Then, just as the musicians left, another group burst suddenly into the restaurant, hurling insults at the Le Pen gathering, who instantly jumped up to defend themselves.
It looked like a brawl was about to break out.
Further insults were exchanged and a scuffle was broken up before the group left as suddenly as it had arrived.
We were all shocked, though the Le Pens and their entourage were already sitting back down to their drinks and laughing as if it was par for the course for them.
We were wondering how the activists had known that the Le Pens were in the restaurant, when the young women who had been dining quietly next to us paid their bill, swore loudly in French at the Le Pen party and spat on them as they exited.
By now, the owner had locked the doors and was apologising to us for the behaviour of her compatriots. In typical French hostess fashion, she was outraged that they had not allowed her controversial clientele to enjoy their meal in peace.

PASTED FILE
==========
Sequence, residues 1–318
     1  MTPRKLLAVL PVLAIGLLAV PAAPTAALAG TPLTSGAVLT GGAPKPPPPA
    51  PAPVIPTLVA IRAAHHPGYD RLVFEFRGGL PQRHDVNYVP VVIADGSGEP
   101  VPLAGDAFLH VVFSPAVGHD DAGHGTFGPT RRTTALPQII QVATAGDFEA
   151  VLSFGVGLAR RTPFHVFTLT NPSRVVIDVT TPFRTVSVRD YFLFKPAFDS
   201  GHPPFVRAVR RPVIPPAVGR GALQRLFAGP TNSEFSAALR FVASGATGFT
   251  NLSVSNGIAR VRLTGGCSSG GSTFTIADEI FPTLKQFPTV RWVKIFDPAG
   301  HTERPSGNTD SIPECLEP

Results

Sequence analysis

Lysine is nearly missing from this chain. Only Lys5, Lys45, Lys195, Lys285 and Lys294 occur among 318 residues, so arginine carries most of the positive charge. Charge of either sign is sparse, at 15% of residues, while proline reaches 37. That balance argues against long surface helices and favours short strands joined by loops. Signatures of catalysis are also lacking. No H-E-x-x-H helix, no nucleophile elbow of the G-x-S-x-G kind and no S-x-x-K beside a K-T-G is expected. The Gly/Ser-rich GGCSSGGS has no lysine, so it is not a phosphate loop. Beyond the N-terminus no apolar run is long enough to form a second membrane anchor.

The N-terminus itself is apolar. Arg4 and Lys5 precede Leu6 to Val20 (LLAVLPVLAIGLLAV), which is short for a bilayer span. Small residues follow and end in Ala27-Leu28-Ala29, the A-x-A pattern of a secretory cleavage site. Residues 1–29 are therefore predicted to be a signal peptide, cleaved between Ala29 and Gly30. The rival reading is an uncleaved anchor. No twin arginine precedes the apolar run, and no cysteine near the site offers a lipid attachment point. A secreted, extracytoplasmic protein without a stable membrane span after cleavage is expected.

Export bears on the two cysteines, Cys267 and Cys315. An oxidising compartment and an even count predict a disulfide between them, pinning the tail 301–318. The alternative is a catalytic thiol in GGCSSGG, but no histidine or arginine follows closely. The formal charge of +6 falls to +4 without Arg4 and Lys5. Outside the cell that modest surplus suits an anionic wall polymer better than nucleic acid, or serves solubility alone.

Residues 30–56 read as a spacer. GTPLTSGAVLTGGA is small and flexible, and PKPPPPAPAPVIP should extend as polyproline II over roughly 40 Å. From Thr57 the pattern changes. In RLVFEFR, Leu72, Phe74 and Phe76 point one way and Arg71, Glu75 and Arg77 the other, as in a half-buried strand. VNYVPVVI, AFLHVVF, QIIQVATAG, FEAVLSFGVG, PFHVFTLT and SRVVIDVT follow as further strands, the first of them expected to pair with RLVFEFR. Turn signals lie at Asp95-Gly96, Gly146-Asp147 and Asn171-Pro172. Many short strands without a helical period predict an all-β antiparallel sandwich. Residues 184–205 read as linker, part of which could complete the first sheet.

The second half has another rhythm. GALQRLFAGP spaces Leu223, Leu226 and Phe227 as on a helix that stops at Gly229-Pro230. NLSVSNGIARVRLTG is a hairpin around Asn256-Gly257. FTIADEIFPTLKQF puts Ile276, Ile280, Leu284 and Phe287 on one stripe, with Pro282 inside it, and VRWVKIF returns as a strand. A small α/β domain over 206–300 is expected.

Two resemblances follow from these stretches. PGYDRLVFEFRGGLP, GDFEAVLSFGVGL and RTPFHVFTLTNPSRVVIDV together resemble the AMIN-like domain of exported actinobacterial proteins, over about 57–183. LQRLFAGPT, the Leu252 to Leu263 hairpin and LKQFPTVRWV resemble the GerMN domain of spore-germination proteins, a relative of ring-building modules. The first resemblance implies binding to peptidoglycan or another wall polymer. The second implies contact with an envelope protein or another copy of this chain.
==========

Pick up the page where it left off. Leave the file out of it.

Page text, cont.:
For our part, as media professionals we had been discretely observing all that transpired, relishing the unexpected close up on French nationalism.
I looked forward to the journalists amongst our group writing up the story. To my surprise and disappointment, none of them penned a word about it.
Not the journalist who had their photo taken with Jean-Marie Le Pen, nor any other member of the group.
Perhaps the pre-emptive strike of the selfie had done its job. Or perhaps they hadn’t thought a Le Pen bar brawl was sufficiently newsworthy back then.
Marine Le Pen’s popularity was still not assured and Frexit was nowhere on the horizon.
It was before the first Ukraine invasion had been launched by Le Pen’s future ally Vladimir Putin, and her fellow traveller Nigel Farage had pressed the Brexit button.
We hadn’t taken him seriously either.
Meanwhile, in the European Parliament, Marine Le Pen was laying the foundations for her nationalist, anti-EU policies.
A cursory look at her record from those years reveals motions to destroy the European Union from within.
One motion was to abolish the Fundamental Rights Agency, another the European Economic and Social Committee, and a third the Committee of the Regions, all set up to represent citizens and bring the EU closer to them.
Le Pen’s rationale was that it would be cheaper for taxpayers, as the same job could be done by the Council of Europe and the European Parliament, both located coincidentally in France.